Football family helps fuel Abraham's journey to Colts

Apr. 27—INDIANAPOLIS — Football runs in Micah Abraham's family.

His father, Donnie, played nine seasons as a cornerback with the New York Jets and Tampa Bay Buccaneers. And a cousin, Tim Jennings, played cornerback for 10 seasons with the Indianapolis Colts, Chicago Bears and Tampa Bay.

"Honestly, I have so many different football players in this family that I can get advice from and obviously different techniques," Abraham said Saturday after being selected in the sixth round out of Marshall by the Colts. "So obviously (they're) all my role models I go to ask questions. If it comes to technique problems, I ask them 'What should I do?' But I have a lot of people in my corner."

None more so than his father.

Donnie Abraham was a third-round pick by the Bucs in 1996 and played his first six NFL seasons under Hall of Fame head coach Tony Dungy. He's currently the defensive coordinator for the St. Louis Battlehawks after a long and successful career as a high-school head coach in Florida.

That's a lot of accumulated knowledge, and the younger Abraham appropriately leaned on his father throughout the draft process.

"His biggest thing was always just 'You're going to get an opportunity,'" Micah Abraham said. "'You made plays. You have the film for it. You're gonna get the opportunity. It's not about when, but it's just about what you do with it when you get it.'"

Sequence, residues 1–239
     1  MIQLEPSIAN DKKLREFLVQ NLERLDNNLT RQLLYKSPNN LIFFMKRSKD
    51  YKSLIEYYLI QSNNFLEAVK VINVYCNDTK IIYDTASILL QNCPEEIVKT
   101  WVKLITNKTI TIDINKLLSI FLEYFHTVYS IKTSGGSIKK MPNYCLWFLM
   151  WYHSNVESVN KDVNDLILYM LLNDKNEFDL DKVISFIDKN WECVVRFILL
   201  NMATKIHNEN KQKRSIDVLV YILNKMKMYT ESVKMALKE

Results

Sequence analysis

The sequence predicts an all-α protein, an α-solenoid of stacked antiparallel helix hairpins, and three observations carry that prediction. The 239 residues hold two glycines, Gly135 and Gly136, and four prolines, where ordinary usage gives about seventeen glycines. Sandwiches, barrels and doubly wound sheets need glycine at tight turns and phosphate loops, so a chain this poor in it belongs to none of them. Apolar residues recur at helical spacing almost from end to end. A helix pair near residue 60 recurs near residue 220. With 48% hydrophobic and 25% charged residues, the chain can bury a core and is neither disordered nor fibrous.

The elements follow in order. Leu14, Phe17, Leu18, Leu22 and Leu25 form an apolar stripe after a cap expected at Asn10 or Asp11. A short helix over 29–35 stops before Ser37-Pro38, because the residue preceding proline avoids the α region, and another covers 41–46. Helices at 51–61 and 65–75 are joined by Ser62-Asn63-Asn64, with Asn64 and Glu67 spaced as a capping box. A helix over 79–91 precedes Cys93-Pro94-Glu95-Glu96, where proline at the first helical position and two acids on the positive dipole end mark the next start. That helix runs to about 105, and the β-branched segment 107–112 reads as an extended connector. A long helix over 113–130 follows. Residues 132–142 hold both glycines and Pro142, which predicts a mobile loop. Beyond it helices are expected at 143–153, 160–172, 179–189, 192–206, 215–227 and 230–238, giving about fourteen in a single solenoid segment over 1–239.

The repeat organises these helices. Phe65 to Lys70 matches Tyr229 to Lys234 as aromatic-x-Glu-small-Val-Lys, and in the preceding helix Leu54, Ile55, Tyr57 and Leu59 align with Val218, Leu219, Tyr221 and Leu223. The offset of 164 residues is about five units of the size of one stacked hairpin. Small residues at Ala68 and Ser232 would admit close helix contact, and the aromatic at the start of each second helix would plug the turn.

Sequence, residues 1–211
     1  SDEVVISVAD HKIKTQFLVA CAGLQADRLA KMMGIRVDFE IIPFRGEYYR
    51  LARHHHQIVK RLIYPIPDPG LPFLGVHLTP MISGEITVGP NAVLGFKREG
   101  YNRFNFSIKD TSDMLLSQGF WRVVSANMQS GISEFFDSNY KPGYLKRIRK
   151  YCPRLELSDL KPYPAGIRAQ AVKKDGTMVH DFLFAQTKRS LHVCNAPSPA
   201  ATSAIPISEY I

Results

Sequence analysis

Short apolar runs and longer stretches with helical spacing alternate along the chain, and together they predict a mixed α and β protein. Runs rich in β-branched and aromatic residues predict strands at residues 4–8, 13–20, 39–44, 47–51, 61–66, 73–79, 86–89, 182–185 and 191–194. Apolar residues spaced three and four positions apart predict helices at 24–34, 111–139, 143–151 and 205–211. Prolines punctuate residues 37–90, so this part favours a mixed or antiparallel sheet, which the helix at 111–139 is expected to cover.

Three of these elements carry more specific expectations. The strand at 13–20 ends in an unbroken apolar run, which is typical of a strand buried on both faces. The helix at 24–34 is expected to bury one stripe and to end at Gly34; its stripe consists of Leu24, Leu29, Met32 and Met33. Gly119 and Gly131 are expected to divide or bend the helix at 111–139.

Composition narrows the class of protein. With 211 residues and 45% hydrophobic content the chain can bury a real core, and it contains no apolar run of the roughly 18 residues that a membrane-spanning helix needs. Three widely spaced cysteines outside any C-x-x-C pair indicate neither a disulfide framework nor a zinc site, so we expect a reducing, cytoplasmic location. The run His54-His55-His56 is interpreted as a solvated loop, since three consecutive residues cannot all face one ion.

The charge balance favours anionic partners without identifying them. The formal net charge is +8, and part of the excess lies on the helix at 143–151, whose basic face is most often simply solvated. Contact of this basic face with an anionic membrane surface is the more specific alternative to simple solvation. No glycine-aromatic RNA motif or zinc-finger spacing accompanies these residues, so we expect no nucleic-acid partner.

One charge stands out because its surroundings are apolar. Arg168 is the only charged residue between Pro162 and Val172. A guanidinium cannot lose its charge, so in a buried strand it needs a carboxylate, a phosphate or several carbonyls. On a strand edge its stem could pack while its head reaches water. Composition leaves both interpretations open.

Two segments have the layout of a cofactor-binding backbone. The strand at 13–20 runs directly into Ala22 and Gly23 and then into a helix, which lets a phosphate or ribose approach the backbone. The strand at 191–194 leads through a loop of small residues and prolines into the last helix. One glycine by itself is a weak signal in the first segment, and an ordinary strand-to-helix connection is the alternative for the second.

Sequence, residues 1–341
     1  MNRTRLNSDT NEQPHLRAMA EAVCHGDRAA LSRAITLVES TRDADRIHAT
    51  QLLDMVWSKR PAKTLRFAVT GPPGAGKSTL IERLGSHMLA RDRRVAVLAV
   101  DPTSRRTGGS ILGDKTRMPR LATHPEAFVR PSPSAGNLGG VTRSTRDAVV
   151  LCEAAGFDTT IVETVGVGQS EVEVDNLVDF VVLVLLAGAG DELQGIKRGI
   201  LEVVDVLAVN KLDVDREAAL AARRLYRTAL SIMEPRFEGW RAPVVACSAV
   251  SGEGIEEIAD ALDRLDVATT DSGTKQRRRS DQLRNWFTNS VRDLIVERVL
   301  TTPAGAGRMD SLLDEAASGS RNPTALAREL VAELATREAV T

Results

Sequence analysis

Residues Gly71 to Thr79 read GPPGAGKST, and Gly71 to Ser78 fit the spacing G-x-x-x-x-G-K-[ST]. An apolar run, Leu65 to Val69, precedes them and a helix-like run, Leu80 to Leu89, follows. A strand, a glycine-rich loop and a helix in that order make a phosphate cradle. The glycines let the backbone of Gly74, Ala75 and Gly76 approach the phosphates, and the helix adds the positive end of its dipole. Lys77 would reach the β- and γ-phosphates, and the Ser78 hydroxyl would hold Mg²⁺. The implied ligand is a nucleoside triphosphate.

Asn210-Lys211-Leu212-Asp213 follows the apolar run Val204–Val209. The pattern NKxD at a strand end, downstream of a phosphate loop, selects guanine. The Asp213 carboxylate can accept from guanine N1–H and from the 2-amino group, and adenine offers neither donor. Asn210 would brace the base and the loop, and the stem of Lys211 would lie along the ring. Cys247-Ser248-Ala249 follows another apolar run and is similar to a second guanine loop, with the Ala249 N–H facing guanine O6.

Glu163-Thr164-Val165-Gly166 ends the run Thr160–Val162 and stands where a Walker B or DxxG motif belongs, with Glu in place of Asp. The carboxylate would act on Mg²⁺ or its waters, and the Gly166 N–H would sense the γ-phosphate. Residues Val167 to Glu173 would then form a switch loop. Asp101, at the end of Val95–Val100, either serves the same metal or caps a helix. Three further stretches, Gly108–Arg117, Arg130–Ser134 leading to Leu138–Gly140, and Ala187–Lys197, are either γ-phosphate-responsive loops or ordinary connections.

The opportunity will come with a young Indianapolis defensive secondary.

Second-year corners JuJu Brents and Jaylon Jones are expected to battle with third-year corner Dallis Flowers for the two starting jobs on the outside.

Kenny Moore II was re-signed in the slot, and the Colts added Auburn cornerback Jaylin Simpson in the fifth round.

At 5-foot-10 and 185 pounds, Abraham best projects as a nickel back, but he's not going to allow himself to be put into a box.

"I started at outside corner, but obviously I think I'm very versatile," he said. "My freshman year at Marshall, I started at safety because that's what they needed and it's what they asked of me. And I played a couple games at nickel, so anything the Colts need me to do, I feel like I can do that — whether that's being at nickel or being at outside."

Abraham's profile shares some similarities with former Colts cornerback Isaiah Rodgers.

Both are undersized for the position with good speed (Abraham ran a 4.43-second 40-yard dash at his Pro Day) and outstanding production.

In 62 games with the Thundering Herd, Abraham intercepted 12 passes and broke up 55.

It's a trait Colts general manager Chris Ballard said generally translates to the next level, and it's among the reasons Ballard was willing to draft a corner who otherwise does not meet his usual metrics.

Abraham understands his physical limitations and said it's driven him to work even harder in areas he can control.

"I'm someone who obviously they'll say is under sized, but I'm somebody who plays with a chip on his shoulder," Abraham said. "I'm someone who has to be good and excel in different areas because of that. So one of the things I can bring is obviously my speed, my game IQ and just my ball production."